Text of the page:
Monday, April 10, 2017

The Cat Came Back The Very Next Day

     We'll see if the rejection of Initiated Measure 22 by a combo of legislative and executive fiat during the just-ended legislative session will be a watershed event in South Dakota political
Blowback From I-22
Will They Quickly Forget?
(photo from Capital Journal)
IM 22 was a voter-approved (by 52%) package of campaign and governing reforms that put severe limits on campaign finance and lobbying efforts.  Unsurprisingly, it ran into unified resistance in Pierre during this Winter's legislative session, where it was trashed by Governor Daugaard as "unconstitutional," who went on to chastise voters by telling them they were "deceived" and "misled" into voting for the reforms. Our Republican-dominated legislature went along with Daugaard's de facto defense of our status quo:  A state government that gets an "F" grade from The Center For Public Integrity.  IM-22 was effectively repealed, posthaste.  Its replacement was a basket of bills that addressed some of the issues raised by IM-22, but lack the severity and scope of the defunct initiative, at least as far as I and many of its proponents understand it.

    So determined are those proponents that they have produced not one, but two, reform measures that they hope to get to the voters in 2018.  Represent South Dakota just sent the "Voter Protection And Anti-Corruption Amendment" to the state's Legislative Research Council for stylistic and substantive review.  Almost simultaneously, South Dakota Voter Protection sent the LRC 3 drafts of its Voter Initiative Protection Amendment.  Cory Heidelberger in his excellent Dakota Free Press blog provides the complete text and analysis of both efforts.  Complicated and comprehensive as they are, these initiatives represent the yearnings of a substantial (make that a majority, going by how IM-22 did at the polls last year) number of South Dakotans who are fed up with a government that they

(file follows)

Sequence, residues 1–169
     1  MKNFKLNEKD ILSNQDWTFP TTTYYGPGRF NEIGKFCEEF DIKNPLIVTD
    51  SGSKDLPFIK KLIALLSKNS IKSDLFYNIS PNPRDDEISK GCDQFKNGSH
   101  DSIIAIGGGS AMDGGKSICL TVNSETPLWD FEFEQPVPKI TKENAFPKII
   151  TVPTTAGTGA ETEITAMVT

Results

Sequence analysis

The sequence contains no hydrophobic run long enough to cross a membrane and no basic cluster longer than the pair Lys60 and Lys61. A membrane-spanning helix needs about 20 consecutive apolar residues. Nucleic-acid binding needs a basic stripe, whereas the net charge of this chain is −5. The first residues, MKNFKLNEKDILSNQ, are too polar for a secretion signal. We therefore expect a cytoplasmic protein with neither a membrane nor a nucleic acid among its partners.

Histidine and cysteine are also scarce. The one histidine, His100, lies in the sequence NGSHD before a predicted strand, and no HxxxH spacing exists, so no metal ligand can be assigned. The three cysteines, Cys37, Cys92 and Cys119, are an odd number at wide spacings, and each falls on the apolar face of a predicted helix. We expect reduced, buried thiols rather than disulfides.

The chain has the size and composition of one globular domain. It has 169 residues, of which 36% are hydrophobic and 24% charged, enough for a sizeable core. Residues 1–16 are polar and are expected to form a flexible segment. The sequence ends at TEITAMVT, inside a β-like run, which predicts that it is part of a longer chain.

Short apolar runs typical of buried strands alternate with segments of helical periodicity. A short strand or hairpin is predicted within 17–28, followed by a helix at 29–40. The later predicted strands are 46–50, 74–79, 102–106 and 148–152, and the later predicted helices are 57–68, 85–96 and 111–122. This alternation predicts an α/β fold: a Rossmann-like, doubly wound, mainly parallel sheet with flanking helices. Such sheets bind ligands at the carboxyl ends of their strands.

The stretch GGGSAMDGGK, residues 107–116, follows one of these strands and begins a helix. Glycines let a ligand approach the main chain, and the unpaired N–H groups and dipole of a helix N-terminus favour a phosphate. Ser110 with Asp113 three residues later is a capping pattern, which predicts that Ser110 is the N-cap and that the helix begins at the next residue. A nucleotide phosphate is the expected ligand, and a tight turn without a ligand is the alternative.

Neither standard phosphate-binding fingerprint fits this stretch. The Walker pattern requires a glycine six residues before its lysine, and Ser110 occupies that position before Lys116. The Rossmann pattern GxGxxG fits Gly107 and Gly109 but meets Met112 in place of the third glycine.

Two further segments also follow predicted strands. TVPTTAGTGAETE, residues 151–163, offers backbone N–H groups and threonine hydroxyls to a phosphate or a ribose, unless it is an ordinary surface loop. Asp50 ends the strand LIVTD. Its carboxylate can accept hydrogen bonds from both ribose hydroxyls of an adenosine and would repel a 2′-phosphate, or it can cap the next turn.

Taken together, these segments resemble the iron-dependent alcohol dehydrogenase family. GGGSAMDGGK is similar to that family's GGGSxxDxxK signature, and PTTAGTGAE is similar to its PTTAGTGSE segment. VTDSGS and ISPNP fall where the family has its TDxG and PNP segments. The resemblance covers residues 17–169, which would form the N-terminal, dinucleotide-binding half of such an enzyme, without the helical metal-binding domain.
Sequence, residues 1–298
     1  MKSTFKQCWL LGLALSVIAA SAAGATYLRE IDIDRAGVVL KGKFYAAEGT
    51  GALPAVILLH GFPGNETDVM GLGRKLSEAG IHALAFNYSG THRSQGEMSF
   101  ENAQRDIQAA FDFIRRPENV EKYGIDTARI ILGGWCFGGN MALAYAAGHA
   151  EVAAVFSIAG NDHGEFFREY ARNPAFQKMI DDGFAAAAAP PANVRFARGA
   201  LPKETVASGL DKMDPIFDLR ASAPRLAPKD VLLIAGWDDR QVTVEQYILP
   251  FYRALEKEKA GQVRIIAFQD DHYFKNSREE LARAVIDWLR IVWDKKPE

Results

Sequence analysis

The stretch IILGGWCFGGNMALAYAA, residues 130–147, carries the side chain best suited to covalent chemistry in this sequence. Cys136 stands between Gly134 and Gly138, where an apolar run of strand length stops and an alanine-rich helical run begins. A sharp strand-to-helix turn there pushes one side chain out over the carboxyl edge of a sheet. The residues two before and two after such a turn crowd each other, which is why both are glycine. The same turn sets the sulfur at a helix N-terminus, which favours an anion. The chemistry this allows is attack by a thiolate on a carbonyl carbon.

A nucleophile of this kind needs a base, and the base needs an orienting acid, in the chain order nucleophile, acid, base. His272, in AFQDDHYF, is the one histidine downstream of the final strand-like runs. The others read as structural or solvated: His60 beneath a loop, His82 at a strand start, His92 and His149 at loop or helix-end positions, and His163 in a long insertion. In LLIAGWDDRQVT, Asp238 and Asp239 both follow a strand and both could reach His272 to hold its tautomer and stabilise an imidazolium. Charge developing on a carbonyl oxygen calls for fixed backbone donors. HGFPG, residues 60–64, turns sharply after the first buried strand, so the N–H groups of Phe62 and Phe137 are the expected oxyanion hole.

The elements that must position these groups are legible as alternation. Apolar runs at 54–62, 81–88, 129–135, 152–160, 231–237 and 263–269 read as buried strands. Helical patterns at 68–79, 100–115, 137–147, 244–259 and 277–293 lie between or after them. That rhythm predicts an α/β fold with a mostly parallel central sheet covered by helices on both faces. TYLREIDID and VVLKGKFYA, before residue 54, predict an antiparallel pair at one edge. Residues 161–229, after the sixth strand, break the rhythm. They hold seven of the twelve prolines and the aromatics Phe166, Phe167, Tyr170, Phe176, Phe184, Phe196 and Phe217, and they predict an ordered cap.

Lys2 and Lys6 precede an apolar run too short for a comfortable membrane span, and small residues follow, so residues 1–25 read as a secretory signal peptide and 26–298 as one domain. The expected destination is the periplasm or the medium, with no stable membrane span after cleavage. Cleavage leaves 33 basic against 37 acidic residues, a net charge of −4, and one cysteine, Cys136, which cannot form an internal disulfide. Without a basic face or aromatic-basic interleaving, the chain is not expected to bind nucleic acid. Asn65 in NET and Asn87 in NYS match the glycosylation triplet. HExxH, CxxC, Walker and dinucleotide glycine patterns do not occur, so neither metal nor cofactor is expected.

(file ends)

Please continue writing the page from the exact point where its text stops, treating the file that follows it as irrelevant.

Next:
The Very Next Day
And It Kept Coming Back
believe is hobbled by its inertia, its one-party domination, and its susceptibility to special interest influence.  

     A lot of South Dakotans were angered by the cavalier rejection of their will by Governor Daugaard and a huge Republican majority in the legislature.  People tell me that the voters will forget and that we'll go back to business-as-usual soon enough.  I'm not so sure. Government reassurances that watered down replacement bills have satisfied the will of the voters are probably not compelling enough to put this matter to rest. The reform movement showed its political muscle at the polls last year and there's no reason to think that voter attitudes have changed enough to forget about the reasons they voted for IM-22 in the first place.  Like the cat in that great old camp song, they came back the very next day.  


  1. John, not sure if you saw a comparison of how various parts of the state voted on this. As was pointed out By Senator Curd when they overturned IM22, a significant percentage of voters did not vote on the issue, because they either had not taken the time to read it or they just did not understand it.
    Legislative districts across the state approved it not just the more liberal east. I will predict right now that the next time, the Constitutional amendment, if it makes the ballot will get between 70 and 75% approval. By overturning IM22, the legislature focused a lot of attention on their lack of attention to the things that matter to the people of this state, not the least of which is ending the corruption that has been engendered since the beginning of the Mike Rounds governorship and right on through that of his Lt Governor, now Governor, Daugaard.

    1. Lanny, we have a district here in Rapid City that voted 60% in favor, another that outvoted the statewide majority by a couple of percentage points. I think people understood that IM-22 was a mandate for comprehensive reform. As with you, I believe in its rebounded format that it will carry with an even stronger majority.